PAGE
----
You may remember that last fall, playboy model Dani Mathers was charged with invasion of privacy after she Snapchatted a photo of a naked woman at the gym. Now, a Los Angeles judge has denied her attempt to avoid a trial.

According to the New York Daily News, Mathers filed a defense motion claiming that the privacy law she allegedly violated is too ambiguous to be constitutional. Judge Gustavo Sztraicher ruled that the statute was indeed constitutional.

Mathers is charged with misdemeanor invasion of privacy. She violated a California law that prohibits secretly recording or photographing of an "identifiable person" in a home, changing room, or tanning booth without their consent.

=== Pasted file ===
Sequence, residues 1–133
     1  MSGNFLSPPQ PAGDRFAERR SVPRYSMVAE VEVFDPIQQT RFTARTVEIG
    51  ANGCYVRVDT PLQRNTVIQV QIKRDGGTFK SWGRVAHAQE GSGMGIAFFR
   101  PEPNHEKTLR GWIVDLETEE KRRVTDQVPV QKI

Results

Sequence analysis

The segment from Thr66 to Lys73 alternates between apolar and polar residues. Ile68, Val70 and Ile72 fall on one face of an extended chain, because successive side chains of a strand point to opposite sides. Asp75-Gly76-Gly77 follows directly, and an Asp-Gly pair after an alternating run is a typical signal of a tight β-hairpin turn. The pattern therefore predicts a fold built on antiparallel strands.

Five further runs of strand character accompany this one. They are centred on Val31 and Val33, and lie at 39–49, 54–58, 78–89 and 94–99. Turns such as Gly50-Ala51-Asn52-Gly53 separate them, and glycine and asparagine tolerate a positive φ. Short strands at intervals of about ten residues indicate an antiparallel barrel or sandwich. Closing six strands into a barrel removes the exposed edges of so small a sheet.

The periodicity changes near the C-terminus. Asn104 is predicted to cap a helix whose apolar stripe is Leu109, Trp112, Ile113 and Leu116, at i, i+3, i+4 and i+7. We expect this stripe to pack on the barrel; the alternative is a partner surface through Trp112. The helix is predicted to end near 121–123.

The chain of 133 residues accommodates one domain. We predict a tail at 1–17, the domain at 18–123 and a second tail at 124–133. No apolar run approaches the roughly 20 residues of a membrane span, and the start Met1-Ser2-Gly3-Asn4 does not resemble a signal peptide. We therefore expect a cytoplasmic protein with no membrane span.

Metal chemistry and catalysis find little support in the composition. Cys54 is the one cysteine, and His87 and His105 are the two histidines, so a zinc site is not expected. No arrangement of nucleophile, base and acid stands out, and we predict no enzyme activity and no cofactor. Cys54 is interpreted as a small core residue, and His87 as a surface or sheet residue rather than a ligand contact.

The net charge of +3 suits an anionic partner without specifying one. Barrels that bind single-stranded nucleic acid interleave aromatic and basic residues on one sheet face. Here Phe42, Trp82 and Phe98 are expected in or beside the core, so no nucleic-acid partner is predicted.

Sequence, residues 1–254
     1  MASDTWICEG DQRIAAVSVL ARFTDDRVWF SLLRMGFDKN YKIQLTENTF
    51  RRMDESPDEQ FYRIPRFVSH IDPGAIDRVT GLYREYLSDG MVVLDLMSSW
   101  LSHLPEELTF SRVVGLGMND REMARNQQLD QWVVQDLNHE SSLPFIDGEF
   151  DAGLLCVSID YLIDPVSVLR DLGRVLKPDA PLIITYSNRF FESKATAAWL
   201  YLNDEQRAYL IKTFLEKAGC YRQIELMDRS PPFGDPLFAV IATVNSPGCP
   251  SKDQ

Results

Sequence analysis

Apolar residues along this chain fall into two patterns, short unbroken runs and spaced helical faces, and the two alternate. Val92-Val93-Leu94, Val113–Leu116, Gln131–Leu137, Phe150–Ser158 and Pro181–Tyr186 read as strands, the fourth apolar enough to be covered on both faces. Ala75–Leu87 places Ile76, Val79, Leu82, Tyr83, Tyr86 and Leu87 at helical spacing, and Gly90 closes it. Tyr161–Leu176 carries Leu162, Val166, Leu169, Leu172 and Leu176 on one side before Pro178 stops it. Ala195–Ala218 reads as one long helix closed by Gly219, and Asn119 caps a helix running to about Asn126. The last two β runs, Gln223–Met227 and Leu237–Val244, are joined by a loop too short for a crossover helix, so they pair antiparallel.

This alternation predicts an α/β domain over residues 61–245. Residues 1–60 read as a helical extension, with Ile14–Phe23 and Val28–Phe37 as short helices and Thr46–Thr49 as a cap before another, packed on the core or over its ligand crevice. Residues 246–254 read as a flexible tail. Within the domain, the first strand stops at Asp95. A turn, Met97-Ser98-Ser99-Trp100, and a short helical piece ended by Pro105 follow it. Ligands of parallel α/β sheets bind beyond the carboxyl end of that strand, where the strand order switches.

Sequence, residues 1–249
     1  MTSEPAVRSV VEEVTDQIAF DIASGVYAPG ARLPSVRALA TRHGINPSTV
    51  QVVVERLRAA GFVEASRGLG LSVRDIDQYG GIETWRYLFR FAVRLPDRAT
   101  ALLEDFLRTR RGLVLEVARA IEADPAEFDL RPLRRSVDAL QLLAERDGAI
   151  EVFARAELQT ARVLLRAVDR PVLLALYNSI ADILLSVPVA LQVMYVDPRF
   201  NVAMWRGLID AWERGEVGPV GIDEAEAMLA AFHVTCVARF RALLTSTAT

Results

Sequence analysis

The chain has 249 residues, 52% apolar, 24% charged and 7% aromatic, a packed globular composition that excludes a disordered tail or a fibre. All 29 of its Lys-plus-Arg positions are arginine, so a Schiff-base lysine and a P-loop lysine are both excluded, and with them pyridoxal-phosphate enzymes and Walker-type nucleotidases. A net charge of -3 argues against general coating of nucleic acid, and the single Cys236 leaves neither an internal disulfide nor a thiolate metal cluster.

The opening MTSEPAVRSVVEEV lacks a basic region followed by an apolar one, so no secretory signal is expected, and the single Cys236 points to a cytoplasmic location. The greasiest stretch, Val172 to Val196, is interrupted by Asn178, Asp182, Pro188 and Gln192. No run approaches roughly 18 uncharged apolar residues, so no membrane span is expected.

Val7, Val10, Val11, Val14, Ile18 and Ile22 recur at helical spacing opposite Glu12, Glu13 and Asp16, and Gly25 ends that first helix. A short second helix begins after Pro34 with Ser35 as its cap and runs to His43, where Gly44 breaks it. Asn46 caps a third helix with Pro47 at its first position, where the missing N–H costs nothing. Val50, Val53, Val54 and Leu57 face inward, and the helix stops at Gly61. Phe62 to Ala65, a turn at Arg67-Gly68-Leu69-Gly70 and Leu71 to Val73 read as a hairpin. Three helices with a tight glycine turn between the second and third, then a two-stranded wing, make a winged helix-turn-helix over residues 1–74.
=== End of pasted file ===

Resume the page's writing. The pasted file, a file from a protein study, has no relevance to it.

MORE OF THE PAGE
Last summer, Mathers posted a nude photo of a 70-something woman in the locker room at the gym to her Snapchat, without the woman's permission. (She's like, really sorry about it, though.)

Mathers' lawyer Dana Cole argued that the wording of the law, specifically the phrase "identifiable person" is too confusing to be enforced. He argued that it was a "far-away shot" and that the victim's features couldn't be identified.

He argued that it took the LAPD "a lot of hours and a lot of work" to track down the woman Mathers Snapchatted. (Although it should be noted that they did find her.)


"The court finds the statute is constitutional and not void for vagueness," the judge ruled.

Mathers' trial is tentatively set to begin on May 26.